This Tender Land

William Kent Krueger’s This Tender Land channels The Adventures of Huckleberry Finn and The Odyssey in an endearing coming of age saga with Dickensian characters who are just as memorable as the heroes from David Copperfield or Oliver Twist.  Although the author adds an epilogue explaining how the four main characters finished their lives in old age, I was sorry to see them grow up, and will probably always remember them as the four young “Vagabonds” who escaped the clutches of evil and followed the river on a life-changing adventure during the Depression.

Ten year old Odie, short for Odysseus, a natural storyteller who also plays the harmonica, is the narrator.  He bands together with three other orphaned escapees from the Lincoln Indian Training School: Albert, his older brother; Mose, a mute Indian boy who had his tongue cut out; and Emmy, the beautiful curly headed six year old with a talent for changing the future, as they paddle in a canoe from Minnesota’s Gilead River to St. Louis on the Mississippi in search of a home.  They meet an array of well meaning characters, including a band of traveling faith healers, a few ornery swindlers and displaced families,  but the villain they are  constantly trying to escape is the headmistress of the school, a cruel and abusive personification of her nickname, the Black Witch.

Krueger follows these heroic children as they travel through Hoovervilles and shantytowns, farmlands and flooded river flats.They meet hobos and scammers, are imprisoned by a farmer, and befriended by Sister Eve of the Sword of Gideon Healing Crusade and Mother Beal, who shares what little food she has.

Like Odysseus, Odie finally makes it to Ithaca, but Kreuger offers a few surprises and a better ending than Homer’s tale.  Our hero finds hope and renewed faith in a compelling story of family and friendship.   I was sorry to come to the end of the book, and the characters, especially Odie, will stay with me for a while.

If you are looking for a book to discuss in a book club, William Kent Kruger’s This Tender Land offers a wealth of characters and plot lines in an easy to follow narrative.

Jeffrey Archer is Back

Some run for elected office in their seventies; others write books.  Jeffrey Archer, 79, will be in his eighties when his new book – Nothing Ventured – continues the story of Detective William Warwick in a new family saga.  Archer has not lost his touch; his new story takes the reader on a wild ride with fast turns and switchbacks as the characters pursue crimes in art and antiquities.

Fans of Archer’s Clifton Chronicles will recognize Detective William Warwick as the fictional character created by author Harry Clifton, in his popular and lucrative detective series.   Archer now centers his new family saga on Warwick in a clever spinoff.

In this first in a series, Warwick foregoes following the family tradition of studying law to earn a degree in art history, followed by a career as a constable and novice detective.  His police work is enhanced by his good looks and his intelligence, as he gets opportunities to prove himself in the field.  Like all Archer’s characters, Warwick is easy to like and to follow, and the story pits him against a civilized and brilliant villain to keep the plot rolling.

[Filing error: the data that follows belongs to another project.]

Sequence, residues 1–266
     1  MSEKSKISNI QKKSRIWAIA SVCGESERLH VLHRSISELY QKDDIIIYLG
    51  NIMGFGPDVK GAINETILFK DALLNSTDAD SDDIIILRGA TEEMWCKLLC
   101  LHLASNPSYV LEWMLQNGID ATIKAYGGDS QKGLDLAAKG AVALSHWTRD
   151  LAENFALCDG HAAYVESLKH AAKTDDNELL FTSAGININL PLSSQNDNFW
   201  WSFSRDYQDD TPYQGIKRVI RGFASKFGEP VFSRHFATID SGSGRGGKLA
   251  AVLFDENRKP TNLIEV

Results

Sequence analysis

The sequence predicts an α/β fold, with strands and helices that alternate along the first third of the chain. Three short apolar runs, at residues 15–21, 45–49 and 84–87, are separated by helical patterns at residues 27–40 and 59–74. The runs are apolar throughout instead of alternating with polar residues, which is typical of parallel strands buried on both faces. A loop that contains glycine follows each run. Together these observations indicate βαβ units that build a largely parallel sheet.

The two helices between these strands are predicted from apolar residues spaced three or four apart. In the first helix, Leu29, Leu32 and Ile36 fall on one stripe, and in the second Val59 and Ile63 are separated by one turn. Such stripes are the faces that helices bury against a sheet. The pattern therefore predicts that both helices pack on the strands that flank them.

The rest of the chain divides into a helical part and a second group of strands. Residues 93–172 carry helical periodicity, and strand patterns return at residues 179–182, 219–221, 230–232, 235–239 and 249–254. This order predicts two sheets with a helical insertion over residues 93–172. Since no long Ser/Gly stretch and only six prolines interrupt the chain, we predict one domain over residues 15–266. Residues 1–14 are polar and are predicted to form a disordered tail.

Archer usually ends with a cliff hanger leading into the next book in the series, and he delivers enough of a tease at the end of this story to tempt the reader into the next book featuring a battle of wills between Warwick and criminal mastermind Miles Faulkner.  Keep writing, Lord Archer, we can’t wait for the next installment.

Chances Are…

Do you have a friend you haven’t seen in years, yet when you finally get together, you fall into a comfortable conversation as though you had seen each other just yesterday?  Good friends are like that.

In Richard Russo’s Chances Are... three college friends reunite on Martha’s Vineyard after years apart, and find they connect as they had years earlier, with an easy camaraderie but haunted by the ghost of the woman they all loved.  The old Johnny Mathis song in the book title creates the theme for Richard Russo’s latest story of relationships as Lincoln, Teddy, and Mickey struggle through a long weekend of memories and surprising revelations.

I always imagine Paul Newman as one of Russo’s character, reprising his role in the movie adaptation of Russo’s “Nobody’s Fool.” None of the three main characters in Chances Are seem to have Newman’s charisma but together they present a dazzling composite.  Lincoln is a successful realtor in Las Vegas, who has inherited the house on Martha’s Vineyard from his mother, and is now considering selling it. Teddy is owner of a small publishing house in upstate New York, who suffers from debilitating episodes.  Mickey, who went to Canada for a few years to avoid the Vietnam War draft, is a musician living on the island.

As their pasts are revealed, fathers figure prominently in their influence, all strangely different for each man, from Lincoln’s strict Calvinist father who tolerated no one, to Teddy’s pseudo intellectual father who had no time for anyone, to Mickey’s father of a large family who expected his youngest child and only son to follow his lead.  But the key character and major influence on the three college boys who bonded over working as hashers in a sorority house on campus was one of those sorority sisters – Jacy.  A seemingly free spirit, Jacy was the mascot to their group – their fourth Musketeer.

The mystery of Jacy’s disappearance years ago provides the suspense as the story evolves around the discovery of what really happened.  Russo delivers a surprising solution in his big reveal at the end of the novel, but the satisfaction of reading how each man developed and maintained a sense of community overwhelms the finale.